• So when we concatenate them all into one giant vector we obtain a 36×49 = 1764 dimensional vector.

This vector is now used to train classifiers such as SVM and then do object detection.

Visualization of HOG features

Here is a snippet to visualise HOG features of an Image provided in Scikit-Image’s docs to visualize HOG features.

import matplotlib.pyplot as plt

from skimage.feature import hog
from skimage import data, exposure

image = data.astronaut()

fd, hog_image = hog(image, orientations=8, pixels_per_cell=(16, 16),
                    cells_per_block=(1, 1), visualize=True, multichannel=True)

fig, (ax1, ax2) = plt.subplots(1, 2, figsize=(12, 6), sharex=True, sharey=True)

ax1.imshow(image, cmap=plt.cm.gray)
ax1.set_title('Input image')

# Rescale histogram for better display
hog_image_rescaled = exposure.rescale_intensity(hog_image, in_range=(0, 10))

ax2.imshow(hog_image_rescaled, cmap=plt.cm.gray)
ax2.set_title('Histogram of Oriented Gradients')

Output as follow :

Visualisation of HOG features of image of the astronaut Eileen Collins.


In this tutorial we will be performing a simple Face Detection using HOG features.
We need to first train the classifier in order to do face detection so first we will need to have training set for the classifier.

Training Set

  • Positive training samples

Labelled Faces in the Wild dataset provided by Scikit-Learn consists of variety of faces which is perfect for our positive set.

from sklearn.datasets import fetch_lfw_people
faces = fetch_lfw_people()
positive_patches = faces.images

  • Negative training samples

For Negative set we need images without face on them. Scikit-Image offers images which can be used in this case. To increase the size of negative set we extract patches of image at different scale using Patch Extractor from Scikit-Learn.

from skimage import data, transform
from sklearn.feature_extraction.image import PatchExtractor

imgs_to_use = ['camera', 'text', 'coins', 'moon',
               'page', 'clock', 'immunohistochemistry',
               'chelsea', 'coffee', 'hubble_deep_field']
images = [color.rgb2gray(getattr(data, name)())
          for name in imgs_to_use]

def extract_patches(img, N, scale=1.0, patch_size=positive_patches[0].shape):
    extracted_patch_size = tuple((scale * np.array(patch_size)).astype(int))
    extractor = PatchExtractor(patch_size=extracted_patch_size,
                               max_patches=N, random_state=0)
    patches = extractor.transform(img[np.newaxis])
    if scale != 1:
        patches = np.array([transform.resize(patch, patch_size)
                            for patch in patches])
    return patches

negative_patches = np.vstack([extract_patches(im, 1000, scale)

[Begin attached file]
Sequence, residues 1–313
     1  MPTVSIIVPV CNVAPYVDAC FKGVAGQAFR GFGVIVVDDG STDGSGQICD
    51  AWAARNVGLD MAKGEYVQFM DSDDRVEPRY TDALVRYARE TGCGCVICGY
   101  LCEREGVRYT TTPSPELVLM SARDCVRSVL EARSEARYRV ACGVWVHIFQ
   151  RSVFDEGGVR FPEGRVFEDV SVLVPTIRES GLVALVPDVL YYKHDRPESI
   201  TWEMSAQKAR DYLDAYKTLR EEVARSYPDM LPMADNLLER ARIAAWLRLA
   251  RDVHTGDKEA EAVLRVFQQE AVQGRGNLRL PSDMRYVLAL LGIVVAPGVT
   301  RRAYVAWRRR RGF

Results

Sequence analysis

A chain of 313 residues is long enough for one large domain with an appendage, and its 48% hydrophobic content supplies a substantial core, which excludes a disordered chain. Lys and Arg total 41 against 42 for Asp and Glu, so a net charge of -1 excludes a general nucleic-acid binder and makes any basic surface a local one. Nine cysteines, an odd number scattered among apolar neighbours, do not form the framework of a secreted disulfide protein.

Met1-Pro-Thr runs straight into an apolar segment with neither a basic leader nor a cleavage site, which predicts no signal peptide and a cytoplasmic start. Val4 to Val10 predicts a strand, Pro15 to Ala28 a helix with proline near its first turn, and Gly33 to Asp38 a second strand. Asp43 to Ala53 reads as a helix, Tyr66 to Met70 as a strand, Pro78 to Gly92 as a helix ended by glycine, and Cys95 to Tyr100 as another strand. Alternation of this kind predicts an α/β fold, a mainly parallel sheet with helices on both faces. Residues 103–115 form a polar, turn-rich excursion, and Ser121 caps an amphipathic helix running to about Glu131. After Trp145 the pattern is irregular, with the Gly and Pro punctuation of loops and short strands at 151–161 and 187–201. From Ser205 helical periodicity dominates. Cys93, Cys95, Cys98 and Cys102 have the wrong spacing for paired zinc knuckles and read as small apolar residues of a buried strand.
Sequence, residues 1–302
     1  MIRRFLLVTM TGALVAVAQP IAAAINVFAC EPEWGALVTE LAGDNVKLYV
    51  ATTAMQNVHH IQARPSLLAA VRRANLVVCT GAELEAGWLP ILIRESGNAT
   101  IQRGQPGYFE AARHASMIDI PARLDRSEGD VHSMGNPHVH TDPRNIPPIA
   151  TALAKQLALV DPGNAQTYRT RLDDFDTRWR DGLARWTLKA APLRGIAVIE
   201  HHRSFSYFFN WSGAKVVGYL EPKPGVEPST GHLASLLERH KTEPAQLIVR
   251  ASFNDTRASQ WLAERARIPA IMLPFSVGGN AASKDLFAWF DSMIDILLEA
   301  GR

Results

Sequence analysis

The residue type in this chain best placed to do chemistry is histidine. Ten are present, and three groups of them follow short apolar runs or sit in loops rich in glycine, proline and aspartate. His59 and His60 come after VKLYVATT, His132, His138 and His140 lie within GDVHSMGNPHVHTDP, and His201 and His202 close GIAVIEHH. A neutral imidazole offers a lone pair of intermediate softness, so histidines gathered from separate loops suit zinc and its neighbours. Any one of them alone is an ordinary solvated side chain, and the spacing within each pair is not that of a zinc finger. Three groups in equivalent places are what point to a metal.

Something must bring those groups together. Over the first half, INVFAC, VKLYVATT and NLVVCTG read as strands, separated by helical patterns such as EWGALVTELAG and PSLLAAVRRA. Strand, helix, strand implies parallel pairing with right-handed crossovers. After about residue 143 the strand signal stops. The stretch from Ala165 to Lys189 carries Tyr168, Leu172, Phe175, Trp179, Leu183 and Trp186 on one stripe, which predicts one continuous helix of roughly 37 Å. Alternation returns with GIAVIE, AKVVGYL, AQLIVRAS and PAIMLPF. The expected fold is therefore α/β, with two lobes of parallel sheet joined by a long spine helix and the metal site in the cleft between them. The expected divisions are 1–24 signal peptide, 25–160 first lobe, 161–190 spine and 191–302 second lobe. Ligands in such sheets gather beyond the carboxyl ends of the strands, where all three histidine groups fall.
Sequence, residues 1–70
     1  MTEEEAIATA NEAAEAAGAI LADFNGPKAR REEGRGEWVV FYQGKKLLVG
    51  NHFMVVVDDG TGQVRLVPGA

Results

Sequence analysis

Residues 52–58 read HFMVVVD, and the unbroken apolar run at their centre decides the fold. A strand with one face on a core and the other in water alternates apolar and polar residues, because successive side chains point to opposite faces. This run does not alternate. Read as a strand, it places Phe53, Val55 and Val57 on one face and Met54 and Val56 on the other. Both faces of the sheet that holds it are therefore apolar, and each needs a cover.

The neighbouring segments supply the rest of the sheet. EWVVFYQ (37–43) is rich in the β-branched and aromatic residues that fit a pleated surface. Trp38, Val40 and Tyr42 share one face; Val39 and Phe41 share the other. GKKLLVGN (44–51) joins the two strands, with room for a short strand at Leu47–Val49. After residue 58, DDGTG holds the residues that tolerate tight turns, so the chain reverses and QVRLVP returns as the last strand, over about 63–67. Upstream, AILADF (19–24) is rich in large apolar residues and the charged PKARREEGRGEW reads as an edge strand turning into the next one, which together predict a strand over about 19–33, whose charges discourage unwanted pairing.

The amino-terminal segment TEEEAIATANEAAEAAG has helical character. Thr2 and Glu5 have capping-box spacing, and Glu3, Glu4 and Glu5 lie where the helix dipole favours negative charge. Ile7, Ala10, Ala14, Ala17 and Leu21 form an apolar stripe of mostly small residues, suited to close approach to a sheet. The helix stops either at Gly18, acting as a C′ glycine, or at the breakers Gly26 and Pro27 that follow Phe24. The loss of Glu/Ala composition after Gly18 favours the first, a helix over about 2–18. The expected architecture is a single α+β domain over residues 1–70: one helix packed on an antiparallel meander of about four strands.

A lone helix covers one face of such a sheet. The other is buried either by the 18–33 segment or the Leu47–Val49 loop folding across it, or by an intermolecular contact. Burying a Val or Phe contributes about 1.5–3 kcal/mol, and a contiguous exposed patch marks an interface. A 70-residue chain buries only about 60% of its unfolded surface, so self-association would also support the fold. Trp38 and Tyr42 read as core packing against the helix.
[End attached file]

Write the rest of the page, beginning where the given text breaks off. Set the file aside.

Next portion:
for im in images for scale in [0.5, 1.0, 2.0]])

Extract HOG Features

Scikit-Image’s feature module offers a function skimage.feature.hog which extracts Histogram of Oriented Gradients (HOG) features for a given image. we combine the positive and negative set and compute the HOG features

from skimage import feature   
from itertools import chain

X_train = np.array([feature.hog(im)
                    for im in chain(positive_patches,
y_train = np.zeros(X_train.shape[0])
y_train[:positive_patches.shape[0]] = 1

Training a SVM classifier

We will use Scikit-Learn’s LinearSVC with a grid search over a few choices of the C parameter:

from sklearn.svm import LinearSVC
from sklearn.model_selection import GridSearchCV

grid = GridSearchCV(LinearSVC(dual=False), {'C': [1.0, 2.0, 4.0, 8.0]},cv=3)
grid.fit(X_train, y_train)

We will take the best estimator and then build a model.

model = grid.best_estimator_
model.fit(X_train, y_train)

Testing on a new image

Now that we have built the Model we can test it on a new image to see how it detects the faces.

from skimage import io

img = io.imread('testpic.jpg',as_gray=True)
img = skimage.transform.rescale(img, 0.5)
indices, patches = zip(*sliding_window(img))
patches_hog = np.array([feature.hog(patch) for patch in patches])
labels = model.predict(patches_hog)

We are detecting the face by using a sliding window which goes over the image patches. Then we find the HOG feature of these patches. Finally, we run it through the classification model that we build and predict the face in the image. The image below is one of the test images. We can see that the classifier detected patches and most of them overlap the face in the image.

To see the full code for this post check out this repository